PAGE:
Last week, we visited the main policy-making institutions in Russia, Ukraine and Kazakhstan with clients, including the central banks, ministries of finance and the economy in all three countries, as well as having meetings with the IMF, World Bank, embassy officials, and key analysts.
Russia: Looking for Policy Anchors
In Russia, beneath a new high-level policy consensus on macro-stability, structural reform and higher government spending, we found, an active debate on the appropriate anchors for fiscal and monetary policy. We also found a government in transition paralysis, which means decisions held over for the new government.
Political context: Tandem switch approaching... Putin returns to the presidency on May 7, and he has repeatedly indicated that he intends to propose Medvedev as the next prime minister. The direction of policy appears unchanged, i.e., the acceleration of political and economic reform, as set out in Putin's pre-election campaign and previously in Medvedev's modernisation agenda. In particular, following the election, Putin asked the government to prepare the Budget 2013 on the basis of his pre-election articles. At the same time, the Duma has already passed most of the laws required to implement the political liberalisation proposed by President Medvedev at the end of 2011, including direct election of governors and reduction of the thresholds to register parties and presidential candidates.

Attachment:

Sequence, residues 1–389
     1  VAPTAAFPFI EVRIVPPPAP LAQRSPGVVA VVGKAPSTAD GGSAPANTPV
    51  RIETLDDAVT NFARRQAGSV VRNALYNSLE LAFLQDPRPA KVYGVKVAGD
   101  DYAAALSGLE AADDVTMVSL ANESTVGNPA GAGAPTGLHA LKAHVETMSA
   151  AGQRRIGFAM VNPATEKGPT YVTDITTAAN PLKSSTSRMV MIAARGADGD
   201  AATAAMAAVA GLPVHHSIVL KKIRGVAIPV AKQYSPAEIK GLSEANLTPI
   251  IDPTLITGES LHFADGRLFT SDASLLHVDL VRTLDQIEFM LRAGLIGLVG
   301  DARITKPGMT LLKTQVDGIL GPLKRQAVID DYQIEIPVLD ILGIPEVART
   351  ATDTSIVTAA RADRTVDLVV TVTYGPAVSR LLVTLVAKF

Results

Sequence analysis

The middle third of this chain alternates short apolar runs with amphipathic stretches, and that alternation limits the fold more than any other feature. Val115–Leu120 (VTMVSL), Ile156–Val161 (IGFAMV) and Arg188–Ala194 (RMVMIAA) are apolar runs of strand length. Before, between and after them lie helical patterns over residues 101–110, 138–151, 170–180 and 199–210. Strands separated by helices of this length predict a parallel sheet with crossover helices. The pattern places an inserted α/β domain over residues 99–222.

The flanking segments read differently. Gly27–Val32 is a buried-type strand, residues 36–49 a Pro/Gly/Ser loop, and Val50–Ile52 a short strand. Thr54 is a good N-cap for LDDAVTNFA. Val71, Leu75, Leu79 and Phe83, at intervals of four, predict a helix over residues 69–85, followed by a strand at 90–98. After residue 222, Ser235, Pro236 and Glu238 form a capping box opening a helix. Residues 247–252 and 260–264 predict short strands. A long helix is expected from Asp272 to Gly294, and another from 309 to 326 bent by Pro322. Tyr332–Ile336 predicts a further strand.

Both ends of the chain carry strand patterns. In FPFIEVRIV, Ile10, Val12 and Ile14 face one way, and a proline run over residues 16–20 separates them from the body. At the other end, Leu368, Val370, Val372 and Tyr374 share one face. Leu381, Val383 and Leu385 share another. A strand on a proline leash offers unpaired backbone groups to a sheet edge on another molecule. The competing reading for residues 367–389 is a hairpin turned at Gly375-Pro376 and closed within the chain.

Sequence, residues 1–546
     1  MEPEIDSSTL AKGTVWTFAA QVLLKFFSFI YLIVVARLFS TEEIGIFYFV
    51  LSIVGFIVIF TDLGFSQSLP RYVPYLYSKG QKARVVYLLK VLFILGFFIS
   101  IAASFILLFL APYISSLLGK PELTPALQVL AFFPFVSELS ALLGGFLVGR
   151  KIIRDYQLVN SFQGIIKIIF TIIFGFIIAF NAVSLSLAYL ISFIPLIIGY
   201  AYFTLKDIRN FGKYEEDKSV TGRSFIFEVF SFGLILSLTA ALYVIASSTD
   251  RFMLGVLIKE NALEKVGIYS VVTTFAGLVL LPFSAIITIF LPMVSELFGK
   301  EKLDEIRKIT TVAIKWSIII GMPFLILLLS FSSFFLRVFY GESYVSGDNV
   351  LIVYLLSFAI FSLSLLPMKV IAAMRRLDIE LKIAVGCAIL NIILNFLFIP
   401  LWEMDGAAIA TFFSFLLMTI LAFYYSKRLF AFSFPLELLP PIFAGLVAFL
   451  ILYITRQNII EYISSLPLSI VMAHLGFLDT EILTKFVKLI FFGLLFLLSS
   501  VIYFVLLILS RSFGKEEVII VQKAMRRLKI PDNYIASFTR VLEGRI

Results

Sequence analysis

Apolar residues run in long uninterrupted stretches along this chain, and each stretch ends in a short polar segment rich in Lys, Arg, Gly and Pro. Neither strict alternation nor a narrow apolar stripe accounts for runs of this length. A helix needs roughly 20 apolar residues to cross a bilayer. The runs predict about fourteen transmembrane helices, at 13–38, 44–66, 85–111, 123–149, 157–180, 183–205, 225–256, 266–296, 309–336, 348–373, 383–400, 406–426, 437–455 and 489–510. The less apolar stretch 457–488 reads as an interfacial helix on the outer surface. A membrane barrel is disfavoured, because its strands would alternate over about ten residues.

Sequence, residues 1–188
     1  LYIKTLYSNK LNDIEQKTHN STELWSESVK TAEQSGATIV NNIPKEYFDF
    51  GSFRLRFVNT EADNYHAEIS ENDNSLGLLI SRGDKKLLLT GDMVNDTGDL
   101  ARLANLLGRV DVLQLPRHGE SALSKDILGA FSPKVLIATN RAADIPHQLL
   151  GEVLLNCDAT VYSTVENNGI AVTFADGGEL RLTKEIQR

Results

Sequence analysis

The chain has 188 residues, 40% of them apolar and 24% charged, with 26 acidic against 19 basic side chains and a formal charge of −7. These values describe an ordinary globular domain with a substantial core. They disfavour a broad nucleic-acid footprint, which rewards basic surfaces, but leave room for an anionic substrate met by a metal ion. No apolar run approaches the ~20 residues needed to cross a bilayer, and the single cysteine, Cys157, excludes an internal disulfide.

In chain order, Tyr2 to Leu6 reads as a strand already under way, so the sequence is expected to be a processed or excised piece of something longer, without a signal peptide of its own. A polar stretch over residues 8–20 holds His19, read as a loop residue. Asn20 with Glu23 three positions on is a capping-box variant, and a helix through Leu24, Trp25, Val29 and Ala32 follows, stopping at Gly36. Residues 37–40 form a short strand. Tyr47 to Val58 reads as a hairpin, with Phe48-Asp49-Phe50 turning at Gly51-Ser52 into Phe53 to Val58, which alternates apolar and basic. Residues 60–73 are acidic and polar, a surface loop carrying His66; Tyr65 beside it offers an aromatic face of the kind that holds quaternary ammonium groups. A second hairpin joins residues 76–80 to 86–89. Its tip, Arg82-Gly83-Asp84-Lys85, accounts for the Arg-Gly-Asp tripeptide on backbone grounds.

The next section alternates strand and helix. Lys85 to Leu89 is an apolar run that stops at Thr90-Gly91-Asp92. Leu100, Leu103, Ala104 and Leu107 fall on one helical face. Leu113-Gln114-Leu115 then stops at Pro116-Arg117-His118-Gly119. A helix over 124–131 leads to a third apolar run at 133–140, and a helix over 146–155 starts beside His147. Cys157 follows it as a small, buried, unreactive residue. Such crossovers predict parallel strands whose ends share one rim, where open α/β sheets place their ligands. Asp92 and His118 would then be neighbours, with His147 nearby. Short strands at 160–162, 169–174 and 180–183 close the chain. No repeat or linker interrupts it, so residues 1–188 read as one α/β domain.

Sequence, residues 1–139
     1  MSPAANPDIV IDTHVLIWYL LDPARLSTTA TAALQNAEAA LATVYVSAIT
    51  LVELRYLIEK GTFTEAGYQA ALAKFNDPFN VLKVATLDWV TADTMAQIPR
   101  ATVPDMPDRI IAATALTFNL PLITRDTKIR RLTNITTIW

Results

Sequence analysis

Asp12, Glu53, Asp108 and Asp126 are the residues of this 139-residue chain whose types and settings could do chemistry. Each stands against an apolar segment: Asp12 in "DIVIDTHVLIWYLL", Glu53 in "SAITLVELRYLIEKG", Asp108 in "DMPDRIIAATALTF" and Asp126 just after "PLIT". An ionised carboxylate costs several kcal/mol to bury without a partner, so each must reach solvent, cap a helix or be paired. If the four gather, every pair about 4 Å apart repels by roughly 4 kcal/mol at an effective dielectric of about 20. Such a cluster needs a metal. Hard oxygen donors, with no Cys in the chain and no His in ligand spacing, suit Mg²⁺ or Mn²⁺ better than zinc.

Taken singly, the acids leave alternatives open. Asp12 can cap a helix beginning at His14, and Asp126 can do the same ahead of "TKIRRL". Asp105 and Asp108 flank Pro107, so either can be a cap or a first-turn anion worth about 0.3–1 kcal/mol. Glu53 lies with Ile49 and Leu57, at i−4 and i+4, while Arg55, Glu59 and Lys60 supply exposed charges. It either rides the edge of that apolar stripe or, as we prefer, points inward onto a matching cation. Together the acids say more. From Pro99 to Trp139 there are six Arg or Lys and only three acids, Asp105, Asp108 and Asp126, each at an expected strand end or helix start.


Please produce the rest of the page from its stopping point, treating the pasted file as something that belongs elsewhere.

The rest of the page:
...but also transition paralysis: The government resigns when the prime minister resigns and a new government is appointed when a new prime minister is appointed. Since Putin and Medvedev have said they will not "pre-announce" the new government, no minister knows if they will be in the government in six weeks time or what role they will play. We expect substantial changes. Several of the most influential ministers in the previous government, including Sechin and Kudrin, have announced that they will not serve in the next government. Medvedev has suggested that no minister should hold a post for longer than six years, which implies change-out of several long-serving ministers, and both Putin and Medvedev have talked in terms of a new management team in government. This uncertainty translates into a reluctance to take decisions until the new government is in place, as well as lingering uncertainty about the pace and scope of the promised reforms.
More clarity by end-June: We expect Medvedev to be approved as PM by the Duma in mid-May, and shortly thereafter for him to announce the key members of his government. We think that the first major public outing for the new government with investors will be the St Petersburg Economic Forum in late June, and a key early indicator of priorities will be Budget 2013, the guidelines for which will be set out in June-July.